What have ECHP and EU-SILC to contribute to the comparative study of housing?

Research output: Contribution to journalArticleScientificpeer-review

64 Downloads (Pure)

Abstract

This paper discusses the strengths and weaknesses of pan-European datasets, in particular ECHP and EU-SILC, for research in housing. Although ‘housing’ is a complex topic when studied from a European comparative perspective, I argue that there is no inherent reason why housing should be less amenable to cross-national research than other equally complex topics in comparative social science research, such as research into family change and stability, or the impact of educational systems on social stratification. Given appropriate theory, conceptualisation and contextualisation, along with strong methodologies, meaningful and informative research in housing with ECHP and EU-SILC are possible. There are however a number of limitations, which are mainly related to the fact that both datasets are geared towards the ‘production’ of a ‘system of social indicators’ informing European and national governments. Because of these limitations, ECHP and in particular EU-SILC are less attractive and less useful for academic research then they could potentially be.
Original languageEnglish
Pages (from-to)19-26
JournalCritical Housing Analysis
Volume2
Issue number2
DOIs
Publication statusPublished - 2015

Fingerprint

comparative study
EU
housing
social indicator
academic research
social indicators
social stratification
stratification
educational system
social science
methodology

Cite this

@article{069b81cbee594aa89a75d1c7145fe6ef,
title = "What have ECHP and EU-SILC to contribute to the comparative study of housing?",
abstract = "This paper discusses the strengths and weaknesses of pan-European datasets, in particular ECHP and EU-SILC, for research in housing. Although ‘housing’ is a complex topic when studied from a European comparative perspective, I argue that there is no inherent reason why housing should be less amenable to cross-national research than other equally complex topics in comparative social science research, such as research into family change and stability, or the impact of educational systems on social stratification. Given appropriate theory, conceptualisation and contextualisation, along with strong methodologies, meaningful and informative research in housing with ECHP and EU-SILC are possible. There are however a number of limitations, which are mainly related to the fact that both datasets are geared towards the ‘production’ of a ‘system of social indicators’ informing European and national governments. Because of these limitations, ECHP and in particular EU-SILC are less attractive and less useful for academic research then they could potentially be.",
author = "Caroline Dewilde",
year = "2015",
doi = "10.13060/23362839.2015.3.3.238",
language = "English",
volume = "2",
pages = "19--26",
journal = "Critical Housing Analysis",
issn = "2336-2839",
publisher = "Institute of Sociology of the Czech Academy of Sciences",
number = "2",

}

What have ECHP and EU-SILC to contribute to the comparative study of housing? / Dewilde, Caroline.

In: Critical Housing Analysis, Vol. 2, No. 2, 2015, p. 19-26.

Research output: Contribution to journalArticleScientificpeer-review

TY - JOUR

T1 - What have ECHP and EU-SILC to contribute to the comparative study of housing?

AU - Dewilde, Caroline

PY - 2015

Y1 - 2015

N2 - This paper discusses the strengths and weaknesses of pan-European datasets, in particular ECHP and EU-SILC, for research in housing. Although ‘housing’ is a complex topic when studied from a European comparative perspective, I argue that there is no inherent reason why housing should be less amenable to cross-national research than other equally complex topics in comparative social science research, such as research into family change and stability, or the impact of educational systems on social stratification. Given appropriate theory, conceptualisation and contextualisation, along with strong methodologies, meaningful and informative research in housing with ECHP and EU-SILC are possible. There are however a number of limitations, which are mainly related to the fact that both datasets are geared towards the ‘production’ of a ‘system of social indicators’ informing European and national governments. Because of these limitations, ECHP and in particular EU-SILC are less attractive and less useful for academic research then they could potentially be.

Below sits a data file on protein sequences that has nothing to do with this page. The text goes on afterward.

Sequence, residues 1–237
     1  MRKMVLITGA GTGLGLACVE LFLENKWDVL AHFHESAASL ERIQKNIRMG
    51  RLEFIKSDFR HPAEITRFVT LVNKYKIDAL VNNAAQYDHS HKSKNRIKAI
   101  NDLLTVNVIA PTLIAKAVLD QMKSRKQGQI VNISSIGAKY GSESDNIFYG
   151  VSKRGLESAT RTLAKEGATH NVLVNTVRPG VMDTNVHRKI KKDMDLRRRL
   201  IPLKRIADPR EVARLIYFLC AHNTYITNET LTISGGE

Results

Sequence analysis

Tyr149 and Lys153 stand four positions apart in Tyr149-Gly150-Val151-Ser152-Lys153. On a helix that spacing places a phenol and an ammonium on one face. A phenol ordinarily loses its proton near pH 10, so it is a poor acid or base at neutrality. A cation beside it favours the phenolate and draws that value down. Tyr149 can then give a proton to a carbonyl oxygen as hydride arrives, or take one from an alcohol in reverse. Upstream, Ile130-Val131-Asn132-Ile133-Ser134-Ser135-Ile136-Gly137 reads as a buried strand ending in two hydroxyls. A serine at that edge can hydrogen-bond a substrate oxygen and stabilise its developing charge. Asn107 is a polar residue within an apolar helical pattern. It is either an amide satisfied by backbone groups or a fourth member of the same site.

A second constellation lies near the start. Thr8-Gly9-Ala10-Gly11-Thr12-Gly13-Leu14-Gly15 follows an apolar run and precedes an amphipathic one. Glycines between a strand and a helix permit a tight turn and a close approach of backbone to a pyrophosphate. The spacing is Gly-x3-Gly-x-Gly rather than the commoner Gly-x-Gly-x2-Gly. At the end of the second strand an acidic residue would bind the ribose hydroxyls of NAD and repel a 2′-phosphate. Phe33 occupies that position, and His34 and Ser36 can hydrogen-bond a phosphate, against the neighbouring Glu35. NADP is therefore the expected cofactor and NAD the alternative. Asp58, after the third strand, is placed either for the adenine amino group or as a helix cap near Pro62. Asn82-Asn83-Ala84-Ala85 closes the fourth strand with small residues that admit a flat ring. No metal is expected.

AB - This paper discusses the strengths and weaknesses of pan-European datasets, in particular ECHP and EU-SILC, for research in housing. Although ‘housing’ is a complex topic when studied from a European comparative perspective, I argue that there is no inherent reason why housing should be less amenable to cross-national research than other equally complex topics in comparative social science research, such as research into family change and stability, or the impact of educational systems on social stratification. Given appropriate theory, conceptualisation and contextualisation, along with strong methodologies, meaningful and informative research in housing with ECHP and EU-SILC are possible. There are however a number of limitations, which are mainly related to the fact that both datasets are geared towards the ‘production’ of a ‘system of social indicators’ informing European and national governments. Because of these limitations, ECHP and in particular EU-SILC are less attractive and less useful for academic research then they could potentially be.

U2 - 10.13060/23362839.2015.3.3.238

DO - 10.13060/23362839.2015.3.3.238

M3 - Article

VL - 2

SP - 19

EP - 26

JO - Critical Housing Analysis

JF - Critical Housing Analysis

SN - 2336-2839

IS - 2

ER -